Klobuchar on Green New Deal: ‘I see it as aspirational’
Sen. Amy KlobucharAmy KlobucharStrengthen CBP regulations to reduce opioid deaths Why isn't Washington defending American companies from foreign assaults? Republicans float support for antitrust reform after Trump Facebook ban upheld MORE (D-Minn.) said Tuesday evening that she views the recently proposed "Green New Deal" as “aspirational,” but was less committal about specific legislative proposals.
“I see it as aspirational, I see it as a jump-start. So I would vote yes, but I would also, if it got down to the nitty-gritty of an actual legislation as opposed to, ‘oh, here are some goals we have,’ that would be different for me,” the Democratic presidential candidate said during an interview with Fox News's Bret Baier.
“I am for a jump-start of the discussion and a framework as Sen. [Ed] Markey [D-Mass.] has described,” she added.
Markey and Rep. Alexandria Ocasio-CortezAlexandria Ocasio-CortezBattle lines drawn over Biden's support for vaccine waivers Overnight Energy: Update on Biden administration conservation goals | GOP sees opportunity to knock Biden amid rising gas prices | Push for nationwide electric vehicle charging stations The Memo: The GOP's war is already over — Trump won MORE (D-N.Y.) introduced companion resolutions on the Green New Deal last week. The nonbinding measures have a goal of creating millions of “good, high-wage jobs” by working toward net-zero greenhouse gas emissions.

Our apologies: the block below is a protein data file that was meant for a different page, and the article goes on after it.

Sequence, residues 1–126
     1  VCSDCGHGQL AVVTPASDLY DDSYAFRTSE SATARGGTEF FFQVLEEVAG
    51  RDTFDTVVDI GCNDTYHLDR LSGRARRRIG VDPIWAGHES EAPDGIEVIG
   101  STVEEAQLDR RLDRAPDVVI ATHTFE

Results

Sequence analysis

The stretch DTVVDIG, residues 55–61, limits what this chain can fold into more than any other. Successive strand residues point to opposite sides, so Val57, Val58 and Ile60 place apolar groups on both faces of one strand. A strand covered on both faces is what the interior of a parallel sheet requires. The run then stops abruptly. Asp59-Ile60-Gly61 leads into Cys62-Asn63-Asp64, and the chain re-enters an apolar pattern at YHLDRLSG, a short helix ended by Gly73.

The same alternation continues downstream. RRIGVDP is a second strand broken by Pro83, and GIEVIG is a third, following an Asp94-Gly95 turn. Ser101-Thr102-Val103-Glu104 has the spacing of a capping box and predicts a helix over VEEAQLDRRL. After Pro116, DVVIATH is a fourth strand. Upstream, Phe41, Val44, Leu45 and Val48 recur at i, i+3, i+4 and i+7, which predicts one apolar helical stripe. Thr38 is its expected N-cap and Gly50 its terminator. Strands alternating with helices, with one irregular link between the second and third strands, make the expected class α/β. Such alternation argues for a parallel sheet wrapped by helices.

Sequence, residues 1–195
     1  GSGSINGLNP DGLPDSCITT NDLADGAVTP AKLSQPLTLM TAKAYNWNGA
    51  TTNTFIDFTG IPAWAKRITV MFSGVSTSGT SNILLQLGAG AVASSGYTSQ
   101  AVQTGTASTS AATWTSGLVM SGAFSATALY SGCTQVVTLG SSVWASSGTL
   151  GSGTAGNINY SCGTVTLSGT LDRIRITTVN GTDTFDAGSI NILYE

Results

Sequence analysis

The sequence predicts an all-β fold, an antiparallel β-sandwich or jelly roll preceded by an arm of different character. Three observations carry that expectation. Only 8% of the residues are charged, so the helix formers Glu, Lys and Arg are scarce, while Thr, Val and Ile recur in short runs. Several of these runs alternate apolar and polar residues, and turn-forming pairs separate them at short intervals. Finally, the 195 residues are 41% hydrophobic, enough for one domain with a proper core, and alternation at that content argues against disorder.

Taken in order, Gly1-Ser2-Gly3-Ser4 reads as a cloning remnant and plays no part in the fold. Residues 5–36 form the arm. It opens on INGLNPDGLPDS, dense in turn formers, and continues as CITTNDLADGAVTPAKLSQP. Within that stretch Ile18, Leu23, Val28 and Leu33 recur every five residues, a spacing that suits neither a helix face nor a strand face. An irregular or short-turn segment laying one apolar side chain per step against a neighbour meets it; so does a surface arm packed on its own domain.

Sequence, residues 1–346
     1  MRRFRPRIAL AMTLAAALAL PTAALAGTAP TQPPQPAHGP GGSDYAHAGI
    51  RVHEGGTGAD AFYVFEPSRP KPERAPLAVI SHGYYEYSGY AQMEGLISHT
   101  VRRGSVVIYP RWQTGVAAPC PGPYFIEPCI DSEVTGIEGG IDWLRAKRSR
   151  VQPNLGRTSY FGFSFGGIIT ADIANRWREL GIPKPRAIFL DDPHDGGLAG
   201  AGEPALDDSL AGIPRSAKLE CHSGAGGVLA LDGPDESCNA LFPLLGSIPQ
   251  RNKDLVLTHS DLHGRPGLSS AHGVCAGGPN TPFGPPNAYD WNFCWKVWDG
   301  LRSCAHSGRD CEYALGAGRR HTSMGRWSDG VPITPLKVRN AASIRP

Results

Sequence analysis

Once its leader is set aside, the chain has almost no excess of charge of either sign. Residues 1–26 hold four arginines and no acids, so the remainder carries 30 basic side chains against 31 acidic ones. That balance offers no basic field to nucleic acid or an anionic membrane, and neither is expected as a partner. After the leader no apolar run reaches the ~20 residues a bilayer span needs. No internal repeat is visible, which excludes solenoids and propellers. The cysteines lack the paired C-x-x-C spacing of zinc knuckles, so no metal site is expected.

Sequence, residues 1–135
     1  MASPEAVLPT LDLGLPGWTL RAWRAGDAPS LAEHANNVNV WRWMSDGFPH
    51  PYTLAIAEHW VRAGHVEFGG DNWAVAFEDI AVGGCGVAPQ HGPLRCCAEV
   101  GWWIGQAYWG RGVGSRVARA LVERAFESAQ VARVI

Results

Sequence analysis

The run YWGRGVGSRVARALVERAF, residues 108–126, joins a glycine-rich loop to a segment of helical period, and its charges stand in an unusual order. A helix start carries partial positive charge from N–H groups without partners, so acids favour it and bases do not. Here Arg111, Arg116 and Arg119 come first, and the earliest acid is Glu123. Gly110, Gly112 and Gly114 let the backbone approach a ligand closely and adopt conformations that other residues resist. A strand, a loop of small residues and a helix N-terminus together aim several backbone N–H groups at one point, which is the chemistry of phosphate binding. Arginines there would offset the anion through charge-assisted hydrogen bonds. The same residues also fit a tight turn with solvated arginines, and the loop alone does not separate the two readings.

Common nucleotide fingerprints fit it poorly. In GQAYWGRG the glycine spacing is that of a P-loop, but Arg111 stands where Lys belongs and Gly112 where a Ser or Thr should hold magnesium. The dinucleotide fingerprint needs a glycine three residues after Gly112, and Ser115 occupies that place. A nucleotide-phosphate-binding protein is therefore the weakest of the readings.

Senate Majority Leader Mitch McConnellAddison (Mitch) Mitchell McConnellAssaults on Roe v Wade increasing Trump spokesman says defeating Cheney a top priority Biden to meet with GOP senators amid infrastructure push MORE (R-Ky.) announced Tuesday that the Senate would hold a vote on Green New Deal legislation, an effort to put undeclared Democrats on the record about the proposal from the party's progressive wing.
Several Democratic senators who have announced White House bids have already backed the idea of a Green New Deal, including Sens. Elizabeth WarrenElizabeth WarrenFree Speech Inc.: The Democratic Party finds a new but shaky faith in corporate free speech Debate over ICBMs: Will 'defund our defenses' be next? Manchin on collision course with Warren, Sanders MORE (Mass.), Cory BookerCory BookerBush testifies before Congress about racist treatment Black birthing people face during childbirth, pregnancy Tim Scott sparks buzz in crowded field of White House hopefuls Never underestimate Joe Biden MORE (N.J.), Kamala HarrisKamala HarrisBiden to record video message for 'Vax Live' concert Harris says Mexico, US can work together to improve quality of life in Northern Triangle Atlanta Mayor Keisha Lance Bottoms says 'it is time to pass the baton on to someone else' MORE (Calif.) and Kirsten GillibrandKirsten GillibrandAustin tight lipped on whether to take sexual assault cases out of commanders' hands Gillibrand touts legislation to lower drug costs: This idea 'is deeply bipartisan' A bipartisan effort to prevent the scourge of sexual assault in the armed forces MORE (N.Y.).
“For us to do nothing and go backwards is wrong. So I view this as a framework for discussion,” Klobuchar said Tuesday on Fox. “We just need to start as a country seeing it as aspiration to do better than we’re doing now.”
While many of the Democratic candidates who have announced presidential bids so far appear to be angling their appeal to the party’s progressive wing, Klobuchar is seeking a more center-left approach that leverages on her “Minnesota nice” reputation as a contrast to President TrumpDonald TrumpThe Memo: The Obamas unbound, on race Iran says onus is on US to rejoin nuclear deal on third anniversary of withdrawal Assaults on Roe v Wade increasing MORE.